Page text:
The San Antonio City Council will debate the right to abortion next Tuesday during a special city council meeting.
The resolution is symbolic, meaning it won’t change any city policy or go against state law, but will become an official political stance of the city when advocating to state and congressional lawmakers. It’s similar in nature to what’s known as the GRACE Act being passed by cities across the U.S., including nearby Austin which approved its version last week.
The push to make the resolution a reality is being led by District 5 Councilwoman Teri Castillo who said Wednesday her office began drafting the resolution when the leak of the Roe decision was made public.
“We have a responsibility to protect our residents from violation of their protected human rights and their free exercise thereof,” she said. “A duty to stand up against a draconian Supreme Court ruling especially in a state like Texas where trigger laws will go into effect.”
On Tuesday the U.S. Supreme Court issued a judgement greenlighting a Texas trigger law banning abortion in nearly every circumstance could take affect near the end of August.
San Antonio’s resolution, although not identical to the GRACE Act, has similar recommendations like not using city funds to investigate or store data about abortions and miscarriages, and not assist outside law enforcement agencies in their own abortion investigations. Castillo said it would be the framework for future city ordinances.
The resolution’s vote, scheduled for a special meeting on Aug. 2. would make city council members take a public stance on abortion. Six members of the council appeared on City Hall’s steps Wednesday in support which is the majority needed to pass a council action.
Those council members included Mayor Ron Nirenberg; District 1 Councilman Mario Bravo; District 3 Councilwoman Phyllis Viagran; Castillo; District 6 Councilwoman Melissa Cabello Havrda; and District 9 Councilman John Courage.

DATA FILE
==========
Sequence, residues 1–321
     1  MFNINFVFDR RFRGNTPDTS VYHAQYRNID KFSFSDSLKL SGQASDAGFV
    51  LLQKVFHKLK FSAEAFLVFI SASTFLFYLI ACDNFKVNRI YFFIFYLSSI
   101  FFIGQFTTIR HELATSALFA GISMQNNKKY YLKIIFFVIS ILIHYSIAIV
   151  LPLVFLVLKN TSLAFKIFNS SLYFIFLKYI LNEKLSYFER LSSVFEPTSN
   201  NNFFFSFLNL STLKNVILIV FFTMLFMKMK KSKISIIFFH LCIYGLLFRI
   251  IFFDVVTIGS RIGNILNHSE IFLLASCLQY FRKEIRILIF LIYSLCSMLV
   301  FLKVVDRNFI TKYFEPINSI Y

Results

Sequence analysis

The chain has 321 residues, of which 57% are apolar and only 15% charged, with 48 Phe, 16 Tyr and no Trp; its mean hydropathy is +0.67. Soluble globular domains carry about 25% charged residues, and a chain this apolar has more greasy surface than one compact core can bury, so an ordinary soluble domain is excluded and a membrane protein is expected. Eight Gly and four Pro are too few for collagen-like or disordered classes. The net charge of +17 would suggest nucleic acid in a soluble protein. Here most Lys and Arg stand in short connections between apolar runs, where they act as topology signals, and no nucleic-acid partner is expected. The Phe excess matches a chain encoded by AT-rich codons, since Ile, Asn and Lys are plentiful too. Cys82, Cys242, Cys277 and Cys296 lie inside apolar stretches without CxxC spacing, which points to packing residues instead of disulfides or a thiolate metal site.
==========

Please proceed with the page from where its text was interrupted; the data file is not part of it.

Earlier in July, District 2 Councilman Jalen McKee-Rodriguez called for local support and passage of the GRACE Act, which stands for Guarding the Right to Abortion Care for Everyone. The act calls for much of what Castillo has proposed but also has a policy that abortion is a low investigative priority. McKee-Rodriguez said by phone Tuesday night said he would support Castillo’s resolution
“I still want to read through it to make sure everything my team and I want is in there but overall yes, I can’t see us not supporting it,” he said adding he hopes low investigation priority language is included in the resolutions final version.
The resolution would stop short of mandating any changes to city ordinances or San Antonio Police Department policy as the city can’t decide which laws SAPD can enforce. San Antonio Mayor Ron Nirenberg said the resolution does not put the city at odds with state law.
“But it is making sure that we understand that the authority that is vested in city government we are not going to pursue or criminalize those who seek abortion,” he said.
Not putting an emphasis to prosecute criminal cases related to abortion has the support of the Bexar County District Attorney Joe Gonzales, who was present at Wednesday’s news conference.
“I understand my oath,” he said. “I understand that if law enforcement is going to investigate and file a case with our office we have an obligation to review those cases and we will. But then I reserve the right to exercise my prosecutorial discretion and make decisions about whether or not to go forward with those cases.”
Nirenberg called the overturning of Roe v. Wade an “attack on the health of independence of women, of people of color and the disadvantaged across our city and across our country.”
Nirenberg has called for a special meeting of the city council to discuss and vote on the resolution. A semi-unusual step but Castillo and Nirenberg stressed the importance of taking action quickly.